An Interview with “The Travel Detective”

Peter Greenberg, “The Travel Detective” and the Travel Editor for CBS News, is no doubt a man of the world—who also keeps a foothold on Long Island. I was curious to hear this multiple Emmy-winning investigative reporter’s take on “the island” (Long Island) I know well… about the good and perhaps not so good.


Q. You have a house on Fire Island. Do you have other connections to Long Island?
A. Well, you can’t have a place on Fire Island without being connected to Long Island. Of course, I know Bay Shore very well, because that’s the boat gateway to Fire Island. I do all my shopping on Long Island. I try to fly as much as possible out of McArthur Airport in Islip, which remains New York’s secret airport.

Q. Why Fire Island?
A. My parents brought me there when I was six months old. I spent every summer there growing up. It’s the best possible place for kids—no cars—only bicycles and wagons. And as much as I travel the world (420,000 real air miles a year), I race back to Fire Island every chance I get because it remains for me a wonderful opportunity to relive my youth, my freedom, and my innocence. It’s also the place where I sleep the best.

In his spare time, Peter Greenberg is a volunteer firefighter on Fire Island

Q. The crowded Hamptons aside, why should Americans and foreigners visit Long Island?
A. Yes let’s keep the Hamptons out of it. I prefer to call Fire Island the Hamptons without the attitude! And the best time to go? May, or the magic month of September. And I’m not one of those Memorial Day to Labor Day fair weather folks—I’m on Fire Island from March thru early December. I also do Thanksgiving there each year.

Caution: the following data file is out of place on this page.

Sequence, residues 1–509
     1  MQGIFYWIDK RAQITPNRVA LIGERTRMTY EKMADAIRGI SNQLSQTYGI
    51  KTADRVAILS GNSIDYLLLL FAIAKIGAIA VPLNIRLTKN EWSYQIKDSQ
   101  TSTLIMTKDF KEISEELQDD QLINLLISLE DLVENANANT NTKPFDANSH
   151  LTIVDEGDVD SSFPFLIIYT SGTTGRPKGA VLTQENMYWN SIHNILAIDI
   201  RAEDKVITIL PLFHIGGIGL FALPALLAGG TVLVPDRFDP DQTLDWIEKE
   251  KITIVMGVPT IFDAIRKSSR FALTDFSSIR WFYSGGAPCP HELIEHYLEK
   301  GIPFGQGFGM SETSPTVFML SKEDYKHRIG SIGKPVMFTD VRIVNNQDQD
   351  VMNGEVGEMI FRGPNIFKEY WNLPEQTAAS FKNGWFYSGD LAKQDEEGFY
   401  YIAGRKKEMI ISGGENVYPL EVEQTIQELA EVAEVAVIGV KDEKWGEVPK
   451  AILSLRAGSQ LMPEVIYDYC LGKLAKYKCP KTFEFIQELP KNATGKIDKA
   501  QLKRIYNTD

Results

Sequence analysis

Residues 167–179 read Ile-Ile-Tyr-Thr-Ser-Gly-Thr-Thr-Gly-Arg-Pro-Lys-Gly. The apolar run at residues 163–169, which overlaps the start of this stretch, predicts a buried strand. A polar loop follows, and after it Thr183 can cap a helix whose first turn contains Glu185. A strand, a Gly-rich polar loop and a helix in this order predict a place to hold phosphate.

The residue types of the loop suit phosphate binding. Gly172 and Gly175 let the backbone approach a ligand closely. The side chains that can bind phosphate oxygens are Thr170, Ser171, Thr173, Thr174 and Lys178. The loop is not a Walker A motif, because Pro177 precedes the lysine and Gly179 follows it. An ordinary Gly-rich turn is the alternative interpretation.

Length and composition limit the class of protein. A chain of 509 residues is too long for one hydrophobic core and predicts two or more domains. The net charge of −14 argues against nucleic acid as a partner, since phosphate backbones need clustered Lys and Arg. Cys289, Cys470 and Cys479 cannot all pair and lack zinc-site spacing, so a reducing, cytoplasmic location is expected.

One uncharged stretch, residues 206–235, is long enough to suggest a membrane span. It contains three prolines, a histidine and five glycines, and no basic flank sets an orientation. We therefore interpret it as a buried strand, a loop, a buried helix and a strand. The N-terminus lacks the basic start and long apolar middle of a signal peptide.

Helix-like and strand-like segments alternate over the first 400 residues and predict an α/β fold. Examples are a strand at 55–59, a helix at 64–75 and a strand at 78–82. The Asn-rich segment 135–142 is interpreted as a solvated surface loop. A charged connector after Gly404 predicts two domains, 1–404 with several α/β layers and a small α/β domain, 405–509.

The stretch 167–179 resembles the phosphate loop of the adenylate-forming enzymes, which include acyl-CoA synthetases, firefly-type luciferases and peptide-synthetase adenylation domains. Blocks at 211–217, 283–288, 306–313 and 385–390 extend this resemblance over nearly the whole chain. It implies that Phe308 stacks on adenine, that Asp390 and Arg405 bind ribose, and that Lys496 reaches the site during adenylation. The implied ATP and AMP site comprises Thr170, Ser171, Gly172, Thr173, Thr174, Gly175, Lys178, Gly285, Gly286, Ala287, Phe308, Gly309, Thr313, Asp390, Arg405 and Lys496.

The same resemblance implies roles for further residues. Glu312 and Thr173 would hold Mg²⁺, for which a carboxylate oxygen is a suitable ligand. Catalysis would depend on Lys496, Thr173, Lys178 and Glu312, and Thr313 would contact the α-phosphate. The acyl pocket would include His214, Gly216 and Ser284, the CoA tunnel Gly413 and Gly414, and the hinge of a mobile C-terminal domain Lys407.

Q. Do you fancy Long Island wine?
A. With my travel schedule, I drink as little as possible, but Long Island Wine has certainly improved in recent years.

Peter Greenberg outside the Westgate Mall during the terrorist attacks in Nairobi, Kenya

Q. What do most travelers not know about Long Island?
A. Most travelers don’t know anything about Long Island. Americans are the most geographically ignorant people on the planet—no surprise when you consider that only about 37-percent of Americans even have a passport. And there’s no guarantee among the 37-percent that do have passports that they have even looked at a map.

Q. I grew up in Garden City (amid Nassau County’s commuters) and my parents later moved to Southold (amid Suffolk County’s vineyards), so I appreciate Long Island’s variety. What advice does The Travel Detective have about visiting there?
A. Forget the Long Island Expressway or the Southern State Parkway. Head east on the Old Sunrise Highway and find main street in every Long Island town. Take your time, and discover a number of great destinations.

Q. Long Island is chided as “Strong Island,” “The Guyland,” and other slags via the likes of a few infamous knuckleheads. How do stereotypes like this impact regional tourism?
A. I understand those stereotypes—and know many of them personally! In fact, without exception, Long Island is the only place where a number of my friends call me “Pete” and I don’t mind—because my long island friends are real.

Peter Greenberg inside the cockpit of an Airbus A320 while filming his public television series The Travel Detective

bruce northam

Bruce Northam is the award-winning journalist and author of The Directions to Happiness: A 135-Country Quest for Life Lessons, Globetrotter Dogma, In Search of Adventure, and The Frugal Globetrotter. He also created “American Detour,” a show revealing the travel writer’s journey. His keynote speech, Directions to Your Destination, reveals the many shades of the travel industry and how to entice travelers. Northam’s other live presentation, Street Anthropology, is an ode to freestyle wandering. Visit